# Elin Schröder: Spatial and Numerical Abilities in Infants and Toddlers

• Date: 15 September 2023, 09:15
• Location: Humanistiska teatern, Engelska parken, Thunbergsvägen 3C, Uppsala
• Type: Thesis defence
• Thesis author: Elin Schröder
• External reviewer: Nora Newcombe
• Supervisors: Gustaf Gredebäck, Linda Forssman
• DiVA

## Abstract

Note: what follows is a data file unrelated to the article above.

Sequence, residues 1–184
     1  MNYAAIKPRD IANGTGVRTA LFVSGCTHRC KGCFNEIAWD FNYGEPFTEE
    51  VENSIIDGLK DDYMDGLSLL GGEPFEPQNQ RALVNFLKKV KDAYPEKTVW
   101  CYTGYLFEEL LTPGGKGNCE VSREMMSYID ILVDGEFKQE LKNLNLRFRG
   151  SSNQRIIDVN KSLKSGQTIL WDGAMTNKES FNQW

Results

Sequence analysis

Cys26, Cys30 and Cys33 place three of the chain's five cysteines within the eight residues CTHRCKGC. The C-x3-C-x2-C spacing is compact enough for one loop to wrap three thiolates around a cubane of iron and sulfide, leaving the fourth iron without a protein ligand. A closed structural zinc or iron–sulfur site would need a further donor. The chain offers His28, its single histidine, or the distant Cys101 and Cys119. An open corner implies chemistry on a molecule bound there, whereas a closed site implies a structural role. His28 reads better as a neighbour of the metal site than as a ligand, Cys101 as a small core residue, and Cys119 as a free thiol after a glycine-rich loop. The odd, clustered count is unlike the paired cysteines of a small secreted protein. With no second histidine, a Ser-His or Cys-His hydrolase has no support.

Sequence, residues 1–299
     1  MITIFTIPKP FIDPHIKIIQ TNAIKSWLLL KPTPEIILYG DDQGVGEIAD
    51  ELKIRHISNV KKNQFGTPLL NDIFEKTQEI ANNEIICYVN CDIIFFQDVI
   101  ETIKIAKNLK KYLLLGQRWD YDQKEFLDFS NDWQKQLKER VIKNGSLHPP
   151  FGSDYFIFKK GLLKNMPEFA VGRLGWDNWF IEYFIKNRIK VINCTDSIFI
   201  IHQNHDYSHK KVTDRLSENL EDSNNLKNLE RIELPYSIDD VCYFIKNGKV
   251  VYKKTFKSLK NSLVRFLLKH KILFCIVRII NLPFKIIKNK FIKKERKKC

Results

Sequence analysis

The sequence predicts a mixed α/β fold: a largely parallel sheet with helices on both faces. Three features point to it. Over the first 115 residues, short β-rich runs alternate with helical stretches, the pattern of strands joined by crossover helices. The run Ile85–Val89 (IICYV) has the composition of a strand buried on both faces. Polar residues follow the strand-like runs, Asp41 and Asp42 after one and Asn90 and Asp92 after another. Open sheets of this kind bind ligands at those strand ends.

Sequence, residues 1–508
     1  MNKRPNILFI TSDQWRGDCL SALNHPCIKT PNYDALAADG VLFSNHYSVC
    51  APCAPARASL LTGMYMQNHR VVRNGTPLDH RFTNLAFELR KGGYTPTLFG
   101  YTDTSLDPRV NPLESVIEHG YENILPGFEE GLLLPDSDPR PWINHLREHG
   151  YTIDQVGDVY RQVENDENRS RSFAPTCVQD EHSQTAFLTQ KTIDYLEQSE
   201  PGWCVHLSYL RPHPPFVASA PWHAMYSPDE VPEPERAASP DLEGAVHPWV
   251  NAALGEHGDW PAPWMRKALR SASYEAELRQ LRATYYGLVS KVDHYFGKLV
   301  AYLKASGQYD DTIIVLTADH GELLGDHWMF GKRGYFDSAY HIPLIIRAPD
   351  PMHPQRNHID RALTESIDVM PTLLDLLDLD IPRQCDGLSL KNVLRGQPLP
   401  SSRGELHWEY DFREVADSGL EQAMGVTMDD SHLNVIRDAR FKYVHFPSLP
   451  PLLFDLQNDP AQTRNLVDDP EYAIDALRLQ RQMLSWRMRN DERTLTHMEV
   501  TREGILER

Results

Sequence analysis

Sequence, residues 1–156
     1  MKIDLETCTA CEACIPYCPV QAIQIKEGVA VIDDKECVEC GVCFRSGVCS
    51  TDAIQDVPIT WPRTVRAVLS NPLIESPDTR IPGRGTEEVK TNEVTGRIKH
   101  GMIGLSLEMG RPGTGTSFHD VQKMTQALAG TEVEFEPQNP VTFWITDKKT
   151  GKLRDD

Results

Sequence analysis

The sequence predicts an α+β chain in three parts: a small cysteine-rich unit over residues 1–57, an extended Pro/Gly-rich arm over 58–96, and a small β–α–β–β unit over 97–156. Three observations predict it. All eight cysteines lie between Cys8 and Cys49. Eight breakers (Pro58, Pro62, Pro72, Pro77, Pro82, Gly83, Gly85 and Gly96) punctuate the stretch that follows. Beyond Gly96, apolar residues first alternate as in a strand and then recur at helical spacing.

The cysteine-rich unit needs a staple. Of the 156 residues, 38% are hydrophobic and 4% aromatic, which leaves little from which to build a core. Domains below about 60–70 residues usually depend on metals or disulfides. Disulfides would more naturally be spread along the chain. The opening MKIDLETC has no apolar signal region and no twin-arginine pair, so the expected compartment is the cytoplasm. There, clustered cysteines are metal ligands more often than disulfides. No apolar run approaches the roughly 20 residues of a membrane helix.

Having a basic understanding of numbers and math is important for functioning in society. The first mathematical challenge children meet is to learn to understand the natural numbers (the positive integers 1, 2 ,3…). Children must learn what number words symbolize and how to use counting to determine the number of elements in a set. When children have mastered this, they are said to have a concept of natural, or symbolic number. But even before children start learning about symbolic number and other math concepts, they have spontaneously developing intuitions about geometric relations and magnitudes, what I refer to as intuitive spatial and numerical abilities. In this thesis I focus on two such abilities: being able to represent numerical magnitudes approximately without counting (numerosity perception) and sensitivity to object shape and geometric relations (visual form perception). These abilities have been found already in infancy and may provide part of the foundation for children’s later mathematical ability, as predictive relations between individual differences in these abilities and mathematical achievement have been documented. But what shapes the development of intuitive spatial and numerical abilities? According to an influential theoretical perspective, intuitive spatial and numerical abilities stem from evolutionary ancient core knowledge systems. The Core Knowledge perspective holds that these abilities are essentially innate and fully functional from birth. Alternative theoretical perspectives instead emphasize the importance of experiences, specifically sensorimotor experiences for the development of perceptual and cognitive abilities. In study I and II of this thesis we tested if sensorimotor experiences in infancy can influence the development of two aspects of infants intuitive spatial and numerical abilities: visual form and numerosity perception. In study III we turned to children’s emerging understanding of symbolic number. Theoretical accounts posit that children draw upon certain core knowledge systems and experience with language when constructing a concept of symbolic number. However, past research has mainly focused on the later stages of children’s learning about symbolic number. We instead ask: which abilities do children draw upon in the earliest stages of symbolic number learning, when they are just beginning to map out the meaning of the first number words? Across the three studies in this thesis we find that sensorimotor experiences can affect the development of visual form perception in infancy, but we find no evidence that numerosity perception is affected, and that children may draw on their experience and knowledge of language and their visuospatial working memory when beginning to learn symbolic number. The findings imply that by supporting children in their motor and language development and by providing them ample opportunities for exploration, we can set children on a path towards more successful engagement in mathematics and other STEM subjects.

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